"But the chief tragedy of the day remains to be related. Brodar, the pirate admiral, who commanded in the point of the Danish lines remotest from the city, seeing the rout general, was making his way through some thickets with only a few attendants, when he came upon the tent of Brian Borumha, left at that moment without his guards. The fierce Norseman rushed in and found the aged monarch at prayer before the crucifix, which he had that morning held up to the view of his troops, and attended only by his page. Yet, Brian had time to seize his arms, and died sword in hand. The Irish accounts say that the king killed Brodar, and was only overcome by numbers; but the Danish version in the Niala Saga is more probable, and in this Brodar is represented as holding up his reeking sword and crying: 'Let it be proclaimed from man to man that Brian has been slain by Brodar.' It is added, on the same authority, that the ferocious pirate was then hemmed in by Brian's returned guards and captured alive, and that he was hung from a tree, and continued to rage like a beast of prey until all his entrails were torn out—the Irish soldiers thus taking savage vengeance for the death of their king, who but for their own neglect would have been safe."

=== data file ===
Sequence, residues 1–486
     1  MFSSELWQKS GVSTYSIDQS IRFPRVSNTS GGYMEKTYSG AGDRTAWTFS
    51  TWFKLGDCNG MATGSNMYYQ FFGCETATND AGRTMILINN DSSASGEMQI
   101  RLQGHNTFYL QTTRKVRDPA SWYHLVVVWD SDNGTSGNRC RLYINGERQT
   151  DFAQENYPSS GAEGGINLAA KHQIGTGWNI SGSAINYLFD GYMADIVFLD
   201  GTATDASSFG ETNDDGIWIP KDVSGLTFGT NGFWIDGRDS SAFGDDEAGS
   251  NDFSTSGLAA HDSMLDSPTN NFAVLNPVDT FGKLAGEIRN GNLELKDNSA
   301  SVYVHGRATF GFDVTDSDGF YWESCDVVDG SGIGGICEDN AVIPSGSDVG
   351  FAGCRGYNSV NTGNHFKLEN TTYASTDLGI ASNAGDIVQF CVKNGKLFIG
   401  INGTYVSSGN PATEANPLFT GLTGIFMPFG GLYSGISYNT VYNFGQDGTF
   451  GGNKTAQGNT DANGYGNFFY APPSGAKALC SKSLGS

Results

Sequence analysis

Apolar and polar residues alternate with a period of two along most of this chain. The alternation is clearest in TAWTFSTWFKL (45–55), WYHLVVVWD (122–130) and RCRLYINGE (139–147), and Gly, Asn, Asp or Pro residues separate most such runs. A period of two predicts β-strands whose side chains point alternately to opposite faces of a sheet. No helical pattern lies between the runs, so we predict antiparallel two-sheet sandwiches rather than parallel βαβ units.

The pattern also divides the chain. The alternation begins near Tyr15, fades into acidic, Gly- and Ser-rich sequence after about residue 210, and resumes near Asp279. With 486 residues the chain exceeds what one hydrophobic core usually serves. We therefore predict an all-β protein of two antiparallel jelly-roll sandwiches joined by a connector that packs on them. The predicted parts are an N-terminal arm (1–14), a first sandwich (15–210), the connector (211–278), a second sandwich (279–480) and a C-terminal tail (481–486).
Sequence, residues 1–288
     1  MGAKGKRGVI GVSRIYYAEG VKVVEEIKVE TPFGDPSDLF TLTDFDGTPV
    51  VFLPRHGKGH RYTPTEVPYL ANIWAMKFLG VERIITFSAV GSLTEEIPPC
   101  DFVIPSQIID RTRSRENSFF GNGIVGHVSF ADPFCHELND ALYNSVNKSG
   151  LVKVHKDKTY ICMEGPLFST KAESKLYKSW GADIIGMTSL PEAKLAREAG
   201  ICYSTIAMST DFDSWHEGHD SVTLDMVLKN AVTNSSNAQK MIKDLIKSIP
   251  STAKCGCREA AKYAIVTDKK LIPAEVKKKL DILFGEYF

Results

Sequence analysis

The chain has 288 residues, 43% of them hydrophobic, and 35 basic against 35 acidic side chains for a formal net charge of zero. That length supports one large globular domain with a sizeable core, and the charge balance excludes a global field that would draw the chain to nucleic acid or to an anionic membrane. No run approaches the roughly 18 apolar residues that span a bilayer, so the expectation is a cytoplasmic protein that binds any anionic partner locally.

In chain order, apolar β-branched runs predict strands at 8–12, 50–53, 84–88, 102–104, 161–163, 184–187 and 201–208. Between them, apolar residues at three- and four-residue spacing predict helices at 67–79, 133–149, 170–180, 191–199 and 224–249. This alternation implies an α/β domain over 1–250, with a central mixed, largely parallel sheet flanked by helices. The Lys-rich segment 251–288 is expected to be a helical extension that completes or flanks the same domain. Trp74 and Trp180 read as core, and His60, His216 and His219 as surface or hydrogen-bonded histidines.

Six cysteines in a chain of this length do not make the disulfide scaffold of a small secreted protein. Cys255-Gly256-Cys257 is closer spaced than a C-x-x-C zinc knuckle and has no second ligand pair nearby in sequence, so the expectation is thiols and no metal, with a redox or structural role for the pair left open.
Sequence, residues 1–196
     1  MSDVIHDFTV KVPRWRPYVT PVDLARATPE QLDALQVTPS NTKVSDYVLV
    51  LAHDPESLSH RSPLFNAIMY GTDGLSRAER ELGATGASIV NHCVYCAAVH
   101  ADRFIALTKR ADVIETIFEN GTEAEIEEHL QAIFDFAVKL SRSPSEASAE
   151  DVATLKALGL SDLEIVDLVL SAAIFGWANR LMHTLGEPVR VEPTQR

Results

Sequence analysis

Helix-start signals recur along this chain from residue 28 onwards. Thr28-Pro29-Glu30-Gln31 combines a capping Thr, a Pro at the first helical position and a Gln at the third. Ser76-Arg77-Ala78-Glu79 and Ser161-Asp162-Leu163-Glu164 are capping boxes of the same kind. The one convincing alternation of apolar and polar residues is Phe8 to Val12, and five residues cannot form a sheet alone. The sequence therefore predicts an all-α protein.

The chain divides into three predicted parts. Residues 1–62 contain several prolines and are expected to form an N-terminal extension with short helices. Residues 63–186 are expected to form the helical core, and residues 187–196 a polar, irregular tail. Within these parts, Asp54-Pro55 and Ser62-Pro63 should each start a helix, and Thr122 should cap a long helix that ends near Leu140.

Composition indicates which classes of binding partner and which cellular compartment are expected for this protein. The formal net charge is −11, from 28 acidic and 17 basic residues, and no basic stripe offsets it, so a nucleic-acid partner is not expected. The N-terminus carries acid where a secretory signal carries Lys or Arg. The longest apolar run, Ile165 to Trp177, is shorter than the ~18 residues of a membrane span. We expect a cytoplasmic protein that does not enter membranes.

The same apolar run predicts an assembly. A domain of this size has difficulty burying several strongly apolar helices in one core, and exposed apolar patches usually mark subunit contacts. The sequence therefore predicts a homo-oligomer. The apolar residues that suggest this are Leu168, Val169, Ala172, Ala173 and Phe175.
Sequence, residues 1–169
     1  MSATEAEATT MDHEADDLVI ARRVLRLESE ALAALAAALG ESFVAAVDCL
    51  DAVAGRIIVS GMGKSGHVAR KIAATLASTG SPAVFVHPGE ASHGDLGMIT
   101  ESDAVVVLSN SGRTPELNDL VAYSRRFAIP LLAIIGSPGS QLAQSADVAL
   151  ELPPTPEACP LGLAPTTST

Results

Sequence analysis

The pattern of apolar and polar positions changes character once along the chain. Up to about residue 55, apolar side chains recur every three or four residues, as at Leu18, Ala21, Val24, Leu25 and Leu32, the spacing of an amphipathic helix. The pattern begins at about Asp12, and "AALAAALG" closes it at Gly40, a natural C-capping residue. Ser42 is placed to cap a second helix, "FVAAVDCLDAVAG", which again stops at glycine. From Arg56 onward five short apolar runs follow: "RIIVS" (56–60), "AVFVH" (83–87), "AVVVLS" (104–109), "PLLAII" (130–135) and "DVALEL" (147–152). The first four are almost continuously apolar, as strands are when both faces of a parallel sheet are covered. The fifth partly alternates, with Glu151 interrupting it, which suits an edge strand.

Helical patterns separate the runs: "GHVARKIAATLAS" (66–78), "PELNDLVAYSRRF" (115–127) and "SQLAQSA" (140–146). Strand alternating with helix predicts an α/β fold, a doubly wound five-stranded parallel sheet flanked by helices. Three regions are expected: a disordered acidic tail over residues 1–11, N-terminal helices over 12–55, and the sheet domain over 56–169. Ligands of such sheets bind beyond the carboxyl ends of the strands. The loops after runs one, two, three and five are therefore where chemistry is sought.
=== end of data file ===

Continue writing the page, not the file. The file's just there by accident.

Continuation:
Such was the victory of Clontarf—one of the most glorious events in the annals of Ireland! It was the final effort of the Danish power to effect the conquest of this country. Never again was that effort renewed. For a century subsequently the Danes continued to hold some maritime cities in Ireland; but never more did they dream of conquest. That design was overthrown forever on the bloody plain of Clontarf.
It was, as the historian called it truly, "a conflict of heroes." There was no flinching on either side, and on each side fell nearly every commander of note who had entered the battle! The list of the dead is a roll of nobility, Danish and Irish; among the dead being the brave Caledonian chiefs, the great Stewards of Mar and Lennox, who had come from distant Alba to fight on the Irish side that day!
But direst disaster of all—most woeful in its ulterior results affecting the fate and fortunes of Ireland—was the slaughter of the reigning family: Brian himself, Morrogh, his eldest son and destined successor, and his grandson, "the youthful Torlogh," eldest child of Morrogh—three generations cut down in the one day upon the same field of battle!